As you know, Wahconah Regional High School takes great pride in acknowledging student success. Our students work very hard and they pursue their interests with passion, so it’s only appropriate to recognize their accomplishments in a variety of ways and in multiple forums. One current and traditional method of recognition occurs at our annual graduation ceremony, where the two students who have earned the highest grade point averages (GPA) over the course of four years are identified as the valedictorian and salutatorian. Our school remains committed to that tradition. However, the practice of tabulating and publicizing “class rank” has been a topic of discussion among many school communities across the state and the nation as a whole. Currently at Wahconah, class rank is tabulated at the conclusion of every school year and reported on each student’s 4th quarter report card. Consequently, in a class of 130 students, one student goes home for the summer with a rank of 1 on their report card and another student goes home for the summer with a rank of 130 on their report card. As such, we have increasing concerns about the impact rank has on those students who chronically struggle in school.
We set out to research this issue to inform our own practice of calculating and reporting class rank. As research on this particular topic was conducted and other schools across the state were surveyed, it became readily apparent that many schools are moving away from this practice. Below is a brief list of reasons that were shared by other institutions, that were taken from literature, and were identified as existing within our own school’s culture.
- Often, the GPA difference between the top 5-10 students is negligible.
- A student with a 90 GPA could conceivably be ranked 40th in the class, thus inhibiting his/her chance of gaining acceptance to top tier colleges.
- Sometimes students are less collaborative and excessively competitive in the quest to attain higher class rank.
- Sometimes students select courses based on potential class rank impact rather than on their personal interests.
- An increasing number of colleges and universities no longer place significant value on class rank during the admissions process.
- Many of the highest performing schools in the state have not been reporting class rank for many years.
- Ranking students is an archaic batching practice that forces students to compare themselves to others as opposed to focusing on being the best version of themselves and learning for learning’s sake.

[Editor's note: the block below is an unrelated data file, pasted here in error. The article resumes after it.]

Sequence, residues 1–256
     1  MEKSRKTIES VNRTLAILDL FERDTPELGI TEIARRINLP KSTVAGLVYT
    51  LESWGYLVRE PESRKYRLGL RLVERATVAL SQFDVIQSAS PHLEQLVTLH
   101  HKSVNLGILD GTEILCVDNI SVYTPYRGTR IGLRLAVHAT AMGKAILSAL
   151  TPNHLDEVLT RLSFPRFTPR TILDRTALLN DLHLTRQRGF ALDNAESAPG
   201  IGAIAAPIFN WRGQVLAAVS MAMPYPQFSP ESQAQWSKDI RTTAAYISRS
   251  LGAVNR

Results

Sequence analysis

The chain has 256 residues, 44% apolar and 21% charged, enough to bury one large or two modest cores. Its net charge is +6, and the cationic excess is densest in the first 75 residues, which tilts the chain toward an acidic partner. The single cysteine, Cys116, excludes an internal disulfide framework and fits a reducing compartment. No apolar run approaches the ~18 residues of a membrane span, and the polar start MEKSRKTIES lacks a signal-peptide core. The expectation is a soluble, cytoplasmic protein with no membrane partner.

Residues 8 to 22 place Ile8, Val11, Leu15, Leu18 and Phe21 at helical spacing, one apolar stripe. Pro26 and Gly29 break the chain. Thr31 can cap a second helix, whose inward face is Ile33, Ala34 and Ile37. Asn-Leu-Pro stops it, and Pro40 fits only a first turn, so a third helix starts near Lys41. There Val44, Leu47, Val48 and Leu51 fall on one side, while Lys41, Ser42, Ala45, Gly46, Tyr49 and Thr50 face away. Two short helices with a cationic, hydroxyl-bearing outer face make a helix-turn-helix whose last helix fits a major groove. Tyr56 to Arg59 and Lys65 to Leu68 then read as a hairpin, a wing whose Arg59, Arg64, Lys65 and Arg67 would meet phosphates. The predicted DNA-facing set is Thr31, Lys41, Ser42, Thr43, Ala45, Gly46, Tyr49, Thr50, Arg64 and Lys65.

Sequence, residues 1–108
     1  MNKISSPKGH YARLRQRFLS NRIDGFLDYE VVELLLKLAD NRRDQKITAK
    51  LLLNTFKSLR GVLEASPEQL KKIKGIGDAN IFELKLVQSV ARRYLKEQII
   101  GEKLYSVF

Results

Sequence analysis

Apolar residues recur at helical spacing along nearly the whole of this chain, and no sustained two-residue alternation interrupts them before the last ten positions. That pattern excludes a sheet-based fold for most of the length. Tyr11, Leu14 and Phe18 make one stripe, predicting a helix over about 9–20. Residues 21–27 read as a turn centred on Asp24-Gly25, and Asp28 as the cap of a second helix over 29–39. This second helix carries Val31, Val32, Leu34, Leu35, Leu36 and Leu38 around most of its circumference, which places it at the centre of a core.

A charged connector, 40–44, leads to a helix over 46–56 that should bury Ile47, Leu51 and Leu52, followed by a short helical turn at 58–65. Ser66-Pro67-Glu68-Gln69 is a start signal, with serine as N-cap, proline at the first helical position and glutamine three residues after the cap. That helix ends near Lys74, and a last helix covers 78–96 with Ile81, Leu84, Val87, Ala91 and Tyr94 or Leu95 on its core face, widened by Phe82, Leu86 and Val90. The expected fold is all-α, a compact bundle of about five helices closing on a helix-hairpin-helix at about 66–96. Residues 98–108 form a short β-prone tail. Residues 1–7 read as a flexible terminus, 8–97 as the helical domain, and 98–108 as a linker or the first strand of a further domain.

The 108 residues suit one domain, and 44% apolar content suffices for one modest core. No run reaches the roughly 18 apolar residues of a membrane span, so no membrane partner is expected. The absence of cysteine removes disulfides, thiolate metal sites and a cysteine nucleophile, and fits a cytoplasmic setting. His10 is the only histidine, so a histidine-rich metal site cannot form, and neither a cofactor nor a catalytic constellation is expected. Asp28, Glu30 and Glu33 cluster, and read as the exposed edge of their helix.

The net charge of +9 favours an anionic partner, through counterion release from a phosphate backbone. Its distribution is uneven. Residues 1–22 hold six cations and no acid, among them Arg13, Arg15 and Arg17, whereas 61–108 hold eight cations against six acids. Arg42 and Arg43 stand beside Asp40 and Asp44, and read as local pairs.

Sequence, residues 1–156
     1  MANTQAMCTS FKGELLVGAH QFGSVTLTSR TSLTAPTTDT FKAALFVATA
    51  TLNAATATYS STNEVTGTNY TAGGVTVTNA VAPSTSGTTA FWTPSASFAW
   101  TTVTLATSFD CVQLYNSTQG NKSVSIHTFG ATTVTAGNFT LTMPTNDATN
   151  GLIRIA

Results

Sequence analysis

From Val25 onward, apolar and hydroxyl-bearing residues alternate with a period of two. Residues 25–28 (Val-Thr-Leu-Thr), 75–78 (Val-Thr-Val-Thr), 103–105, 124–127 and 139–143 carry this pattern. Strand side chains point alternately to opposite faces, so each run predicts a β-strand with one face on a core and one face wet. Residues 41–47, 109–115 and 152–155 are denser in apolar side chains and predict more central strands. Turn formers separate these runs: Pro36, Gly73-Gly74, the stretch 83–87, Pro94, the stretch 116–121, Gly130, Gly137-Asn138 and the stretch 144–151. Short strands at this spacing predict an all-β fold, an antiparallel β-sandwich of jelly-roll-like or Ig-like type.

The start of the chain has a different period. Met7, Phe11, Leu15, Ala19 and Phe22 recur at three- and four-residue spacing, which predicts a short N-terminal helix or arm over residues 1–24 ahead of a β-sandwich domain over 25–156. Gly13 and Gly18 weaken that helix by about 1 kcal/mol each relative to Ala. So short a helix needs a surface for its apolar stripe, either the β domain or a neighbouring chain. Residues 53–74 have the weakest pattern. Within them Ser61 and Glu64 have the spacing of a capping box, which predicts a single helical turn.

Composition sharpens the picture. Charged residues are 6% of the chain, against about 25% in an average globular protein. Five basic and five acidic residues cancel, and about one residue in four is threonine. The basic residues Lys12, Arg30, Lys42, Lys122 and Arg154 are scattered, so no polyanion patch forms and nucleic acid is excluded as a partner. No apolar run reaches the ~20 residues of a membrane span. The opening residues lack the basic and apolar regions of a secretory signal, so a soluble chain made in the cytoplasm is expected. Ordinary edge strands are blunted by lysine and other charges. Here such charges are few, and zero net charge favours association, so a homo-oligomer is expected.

The results of this research caused us to question our own school’s current practice of reporting class rank. That discussion took place among our administration, our Curriculum Coordinators, and our Guidance Department. After seeking input from the Wahconah faculty, a collective decision was made to propose the elimination of the reporting of class rank to Superintendent Laurie Casna as well as the CBRSD Curriculum Sub-Committee. The Curriculum Sub-Committee voted unanimously to eliminate the reporting of class rank at Wahconah and the vast majority of the CBRSD School Committee voted in favor as well.
We reached this determination with the understanding that our current Sophomores, Juniors, and Seniors have already seen their class rank. In the case of many Seniors, it’s already been reported to their prospective colleges and universities. Therefore, the final determination was to conduct a class rank “phase out” at Wahconah. Here is the plan:
- Class rank will continue to be reported to current Sophomores, Juniors, and Seniors (via report cards and transcripts). These students will be aware of their class rank for the remainder of their academic careers at Wahconah.
- Class rank will not be reported to current 9th graders and all students in the incoming classes behind them.
- Class rank will be calculated for internal purposes only (i.e. scholarships).
- A Valedictorian and Salutatorian will still be determined and recognized at graduation.
- Grade point average (GPA) will still be calculated and reported on student report cards.
Ultimately, we want what is best for our students. Based on a significant amount of the feedback we received, we anticipate this change will actually put our students in a better position during the college admissions process. Furthermore, a change in this practice marks yet another move away from labeling students for the sake of labeling.